Why Social Media Is Not For Everyone

July 21, 2009

While many are in love with the whole concept of Social Media as being the next big thing in marketing, the holy grail that will lift sales and enhance your brand, I have seen some detractors that insist in calling out the faults and dangers or adopting Social Media as part of your marketing strategy.

Taking the plunge into social media may not be the right thing for you

Taking the plunge into social media may not be the right thing for you

Social media is just another media

Experts, personalities and false prophets are all clamoring that social media is king. We’re told that if you have a good plan , if you follow a proven framework for rolling out your social media activities and integrate them with your sales efforts , then the ROI will be clear . That is, if you can translate all those additional site visits, downloads, and re-tweets into sales. Otherwise it’s just buzz.

Some blasphemous professionals on the other hand, caution us to be careful in our efforts, telling us we should really focus on those customers that love our product and not use social media targeting everyone. They caution us saying it could be dangerous to our business if incorrectly used and it’s only helpful to build relationships and goodwill .  Sales? Maybe not so much.

I don’t know about you, but so far it seems like Social Media is nothing more than just another media, another tool in the marketer’s arsenal. It’s like saying everyone should do email marketing, everyone should do podcasts, print ads and TV spots.

Choosing the right social media strategy

While some may say that since your employees are already using social media (facebook pages, tweeter accounts, linkedin posts, etc.) you should also jump on the bandwagon , I say there are several reasons for companies to be reluctant to embrace it wholeheartedly. The same questions you would ask before using any marketing tool available you should also ask of the Social Media tools. What is it for? Who is our target? What is our goal? What are our objectives? What resources will it require? Will we do it ourselves or will we outsource to someone with more experience?  Do we need to create rules or procedures for using it? How will we measure success?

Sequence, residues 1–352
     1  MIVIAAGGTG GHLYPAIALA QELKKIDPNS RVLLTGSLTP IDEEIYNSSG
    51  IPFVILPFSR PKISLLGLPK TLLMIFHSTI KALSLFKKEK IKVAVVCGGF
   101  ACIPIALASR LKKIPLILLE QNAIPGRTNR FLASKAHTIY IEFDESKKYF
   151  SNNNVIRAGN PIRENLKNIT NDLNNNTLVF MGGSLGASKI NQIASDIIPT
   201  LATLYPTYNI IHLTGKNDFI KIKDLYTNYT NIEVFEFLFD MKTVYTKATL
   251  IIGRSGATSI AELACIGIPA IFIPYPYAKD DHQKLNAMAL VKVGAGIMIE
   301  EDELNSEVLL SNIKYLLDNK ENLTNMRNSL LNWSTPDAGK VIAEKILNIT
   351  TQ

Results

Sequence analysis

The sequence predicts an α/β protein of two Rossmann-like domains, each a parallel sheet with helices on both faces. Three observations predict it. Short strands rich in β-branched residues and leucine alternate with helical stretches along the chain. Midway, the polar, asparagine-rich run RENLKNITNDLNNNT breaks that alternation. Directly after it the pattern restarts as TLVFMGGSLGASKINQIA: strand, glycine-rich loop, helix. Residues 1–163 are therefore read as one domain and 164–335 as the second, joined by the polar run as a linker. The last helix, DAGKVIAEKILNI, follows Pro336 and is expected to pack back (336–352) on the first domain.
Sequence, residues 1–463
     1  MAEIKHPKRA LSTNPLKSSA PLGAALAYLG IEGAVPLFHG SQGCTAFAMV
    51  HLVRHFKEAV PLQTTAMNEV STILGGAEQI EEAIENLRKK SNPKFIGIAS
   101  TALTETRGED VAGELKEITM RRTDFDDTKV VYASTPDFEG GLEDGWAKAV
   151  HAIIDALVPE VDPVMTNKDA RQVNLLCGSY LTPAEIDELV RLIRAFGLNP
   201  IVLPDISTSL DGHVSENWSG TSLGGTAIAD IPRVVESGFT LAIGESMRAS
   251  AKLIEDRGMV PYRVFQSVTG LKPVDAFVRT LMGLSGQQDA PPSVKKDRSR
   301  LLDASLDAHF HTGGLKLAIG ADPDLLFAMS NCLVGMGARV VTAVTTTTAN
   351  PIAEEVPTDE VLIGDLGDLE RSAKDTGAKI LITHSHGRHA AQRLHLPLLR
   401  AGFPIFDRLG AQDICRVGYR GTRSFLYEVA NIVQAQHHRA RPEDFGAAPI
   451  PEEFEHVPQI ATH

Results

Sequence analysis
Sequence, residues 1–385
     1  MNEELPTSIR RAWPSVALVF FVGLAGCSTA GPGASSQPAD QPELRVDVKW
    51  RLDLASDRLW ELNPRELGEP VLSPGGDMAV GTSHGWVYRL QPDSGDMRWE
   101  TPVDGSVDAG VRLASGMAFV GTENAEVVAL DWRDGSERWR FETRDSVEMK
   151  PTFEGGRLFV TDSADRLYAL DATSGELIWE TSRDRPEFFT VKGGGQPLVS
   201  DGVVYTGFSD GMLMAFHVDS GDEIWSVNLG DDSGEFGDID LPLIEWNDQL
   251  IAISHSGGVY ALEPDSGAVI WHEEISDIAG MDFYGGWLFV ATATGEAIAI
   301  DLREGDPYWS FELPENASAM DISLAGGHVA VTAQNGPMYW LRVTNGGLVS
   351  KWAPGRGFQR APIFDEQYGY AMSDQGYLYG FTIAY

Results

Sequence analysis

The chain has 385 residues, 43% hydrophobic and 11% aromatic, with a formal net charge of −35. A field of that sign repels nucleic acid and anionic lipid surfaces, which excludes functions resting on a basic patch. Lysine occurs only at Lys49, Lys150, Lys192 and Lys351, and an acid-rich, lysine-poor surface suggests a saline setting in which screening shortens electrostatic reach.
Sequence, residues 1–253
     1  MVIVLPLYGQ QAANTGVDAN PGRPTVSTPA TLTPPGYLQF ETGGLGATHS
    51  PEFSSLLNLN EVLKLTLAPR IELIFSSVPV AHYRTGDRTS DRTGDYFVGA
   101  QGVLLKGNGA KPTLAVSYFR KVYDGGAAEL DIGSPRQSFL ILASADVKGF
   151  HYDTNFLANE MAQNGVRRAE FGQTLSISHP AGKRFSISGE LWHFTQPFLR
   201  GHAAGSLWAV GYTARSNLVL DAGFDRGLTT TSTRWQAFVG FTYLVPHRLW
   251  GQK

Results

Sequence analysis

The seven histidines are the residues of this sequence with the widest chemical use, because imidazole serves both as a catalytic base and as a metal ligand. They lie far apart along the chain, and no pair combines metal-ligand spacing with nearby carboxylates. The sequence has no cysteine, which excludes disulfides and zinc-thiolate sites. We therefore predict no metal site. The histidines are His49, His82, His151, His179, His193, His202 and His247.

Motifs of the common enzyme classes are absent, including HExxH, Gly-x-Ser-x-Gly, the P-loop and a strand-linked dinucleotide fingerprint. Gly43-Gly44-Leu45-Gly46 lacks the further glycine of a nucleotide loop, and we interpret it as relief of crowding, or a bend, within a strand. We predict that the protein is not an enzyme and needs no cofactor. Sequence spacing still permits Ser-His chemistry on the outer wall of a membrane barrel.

At the company I work for we recently had an informal discussion about Facebook and Twitter, with people raising questions such as “why don’t we have a Tweeter page” or “let’s create a Facebook account and start inviting customers”. That is all nice and good, I said, but let’s first decide on why we are going to do it. Get people to buy our products! Tell them about a new release! And similar comments ensued. Yeah, but HOW do you do that? Just making sure you are Tweeting five times per day is not guarantee for success especially if you have nothing more to say that hasn’t been said already. As with any new tool or concept, it always seems easier said than done. Probably because it’s “free” (yes, you don’t have to pay for it but you do need to invest time), it is immediately implied that if you are not using it you are behind the times  and putting your company at risk.

Let’s put aside the fact that the press and the Internet in general are full of stories about how social media is transforming businesses and think in terms of marketing strategy. Why would you use a tool without first deciding how it will impact your brand, how it will impact your resources and how it will help you achieve your goals? I’m not saying that you shouldn’t use it but I am simply cautioning you to use it as part of your overall strategy. If you want to create a corporate blog that focuses only on your 10 most profitable customers and you have good reasons to do it, then don’t think for a minute that you are doing something wrong. If you need to Tweet about what you had for lunch because somehow this creates affinity with your prospects and will eventually translate into sales, then knock yourself out.  Nothing is purely good or bad

Social Media In Three Easy Steps

Step 1: Learn how to use it

Before judging whether something works and the best way to use it, first attend a course, read a book, talk to people that are using it. There are several free online courses and resources on the web you can use to learn more about it. Only then will you be able to really make a good decision.

Step 2: Learn how to NOT use it

Now that you know what the social media tools are all about and how they are supposed to be used, check out the myriad of examples of companies that are doing it correctly and getting returns and also check out how companies are screwing it up so badly it is becoming a public embarrassment (recent United Airlines fiasco , IBM’s IT failure debacle , and Habitat’s tweet spam come to mind). Learn from others mistakes and then you will be ready to commit your own.

Step 3: Teach and listen

With all that good info you now gathered at hands, bring this knowledge to your company and spread it around. Educate the CEO, the sales manager, your staff and everyone else that you think can help you shape your company’s strategy towards social media. Then listen to what they have to say, you may be surprised. And don’t forget to give them the option of doing nothing. Whatever works for your business is what you should do.

How did YOU approach social media at your company? Please share!

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